Like St. James and his brother John, we are all called to drink from the chalice that Jesus drank. That means that we will always bear the dying of Jesus in our own bodies. We can’t explain why bad things happen to good people, but we can explain how good people handle bad situations well: they handle it well because they know Christ and live in Christ every day of their lives. Sometimes the chalice we will have to drink will be unpleasant, distasteful and full of sorrow. But with God’s grace, our drinking of those cups can be a sacrament of the presence of God in the world.

Everyone who is great among us must be a servant, and whoever wishes to be first among us must be our slave. St. James learned how to do that and still thrive in his mission. May we all be that same kind of sacrament for the world.

Friday of the Sixteenth Week of Ordinary Time

Today’s readings

Maybe you remember memorizing the Ten Commandments as a child.  I do.  I sometimes think that memorizing things is a lost art.  Certainly memorizing things like the Ten Commandments doesn’t happen as much as it used to, and that’s too bad.  The Psalmist is the one who tells us why today: “The precepts of the LORD are right, rejoicing the heart.”  The commandments are not meant to be burdensome.  They are meant to give us a framework for life that allows us maximum freedom by staying in close relationship with our Lord and God, and in right relationship with the people in our lives.  Certainly the Ten Commandments, with all their “thou shalts” and “thou shalt nots” have gotten a negative reputation over the years.  But if we would have true freedom, then we must give them another shot at our devotion, for they are indeed the words of everlasting life.

Thursday of the Sixteenth Week of Ordinary Time

Today’s readings

During the summer before my final year of seminary, I worked as a hospital chaplain.  It ended up being a pretty rough summer for me and the other men and women in the student chaplain group: we had a record number of deaths and tragic accidents to deal with, and it was, as you might expect, getting us pretty down.  Then for morning prayer one day, one of my fellow students brought in today’s Gospel, and we reflected especially on the end part of the reading:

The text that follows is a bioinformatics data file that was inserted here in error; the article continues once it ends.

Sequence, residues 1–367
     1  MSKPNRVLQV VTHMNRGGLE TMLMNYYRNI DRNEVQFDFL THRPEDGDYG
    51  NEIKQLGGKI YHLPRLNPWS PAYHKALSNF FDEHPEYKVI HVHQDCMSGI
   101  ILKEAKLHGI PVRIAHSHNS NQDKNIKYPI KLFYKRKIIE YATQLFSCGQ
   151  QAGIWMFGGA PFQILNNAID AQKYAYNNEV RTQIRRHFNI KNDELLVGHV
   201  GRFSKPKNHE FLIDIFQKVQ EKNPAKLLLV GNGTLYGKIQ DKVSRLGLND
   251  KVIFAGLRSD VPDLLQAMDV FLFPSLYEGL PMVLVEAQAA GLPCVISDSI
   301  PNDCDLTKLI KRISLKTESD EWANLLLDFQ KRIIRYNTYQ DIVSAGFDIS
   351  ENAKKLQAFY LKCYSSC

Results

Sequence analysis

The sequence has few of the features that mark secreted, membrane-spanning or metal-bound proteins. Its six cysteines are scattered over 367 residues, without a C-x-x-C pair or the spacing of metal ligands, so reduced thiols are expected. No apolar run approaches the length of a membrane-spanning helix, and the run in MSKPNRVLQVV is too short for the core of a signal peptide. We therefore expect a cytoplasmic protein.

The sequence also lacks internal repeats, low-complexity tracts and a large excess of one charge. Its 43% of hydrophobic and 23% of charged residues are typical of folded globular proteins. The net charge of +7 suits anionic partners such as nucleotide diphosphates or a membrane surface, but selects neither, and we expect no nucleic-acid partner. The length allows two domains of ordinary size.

“But blessed are your eyes, because they see,

and your ears, because they hear.

Amen, I say to you, many prophets and righteous people

longed to see what you see but did not see it,

and to hear what you hear but did not hear it.”

The more we explored that reading, the more we became aware that, even in the midst of all of the very real tragedy we were experiencing, we were also experiencing some very real great blessing.  How true that is for all of us in life.  We tend to dwell on the negative things we are seeing, and no one would ever doubt that we all have to see some pretty rotten stuff in our lives, some people it seems more so than others.  But the problem comes when we let go of the blessing that comes too.  We people of faith have to be convinced that God is with us even in, perhaps especially in, our darkest moments, and gives us glimpses of the kingdom of God that perhaps others don’t get to see.  Blessed are our eyes when we get to see them!

The people in Moses’ day didn’t ever really get to see God.  They got to see Moses, who sort of acted as an intermediary for them with God.  No one else could see God and live.  But our eyes do get to see God.  We can see God in the Eucharist, we can see God in the person sitting next to us, we can see God in the graced moments of our day.  Maybe we just need to open our eyes to see God more often, but he is there, longing to bless our eyes with the vision of him.